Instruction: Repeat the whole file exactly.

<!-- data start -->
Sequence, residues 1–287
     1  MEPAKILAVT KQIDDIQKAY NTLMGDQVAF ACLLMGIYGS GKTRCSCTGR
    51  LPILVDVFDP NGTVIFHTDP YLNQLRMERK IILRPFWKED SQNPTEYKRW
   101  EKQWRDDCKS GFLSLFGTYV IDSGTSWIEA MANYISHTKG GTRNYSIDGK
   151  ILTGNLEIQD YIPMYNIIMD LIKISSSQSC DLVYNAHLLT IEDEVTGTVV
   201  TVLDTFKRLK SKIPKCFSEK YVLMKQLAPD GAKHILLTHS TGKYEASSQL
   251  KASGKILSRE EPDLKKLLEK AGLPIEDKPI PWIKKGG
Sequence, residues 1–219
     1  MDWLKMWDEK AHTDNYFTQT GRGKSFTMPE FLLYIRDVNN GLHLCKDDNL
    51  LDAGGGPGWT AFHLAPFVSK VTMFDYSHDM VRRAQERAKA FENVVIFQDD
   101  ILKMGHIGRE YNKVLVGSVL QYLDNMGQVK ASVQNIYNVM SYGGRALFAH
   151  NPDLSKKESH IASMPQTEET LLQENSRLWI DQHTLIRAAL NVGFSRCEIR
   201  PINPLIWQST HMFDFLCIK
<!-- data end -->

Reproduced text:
Sequence, residues 1–287
     1  MEPAKILAVT KQIDDIQKAY NTLMGDQVAF ACLLMGIYGS GKTRCSCTGR
    51  LPILVDVFDP NGTVIFHTDP YLNQLRMERK IILRPFWKED SQNPTEYKRW
   101  EKQWRDDCKS GFLSLFGTYV IDSGTSWIEA MANYISHTKG GTRNYSIDGK
   151  ILTGNLEIQD YIPMYNIIMD LIKISSSQSC DLVYNAHLLT IEDEVTGTVV
   201  TVLDTFKRLK SKIPKCFSEK YVLMKQLAPD GAKHILLTHS TGKYEASSQL
   251  KASGKILSRE EPDLKKLLEK AGLPIEDKPI PWIKKGG
Sequence, residues 1–219
     1  MDWLKMWDEK AHTDNYFTQT GRGKSFTMPE FLLYIRDVNN GLHLCKDDNL
    51  LDAGGGPGWT AFHLAPFVSK VTMFDYSHDM VRRAQERAKA FENVVIFQDD
   101  ILKMGHIGRE YNKVLVGSVL QYLDNMGQVK ASVQNIYNVM SYGGRALFAH
   151  NPDLSKKESH IASMPQTEET LLQENSRLWI DQHTLIRAAL NVGFSRCEIR
   201  PINPLIWQST HMFDFLCIK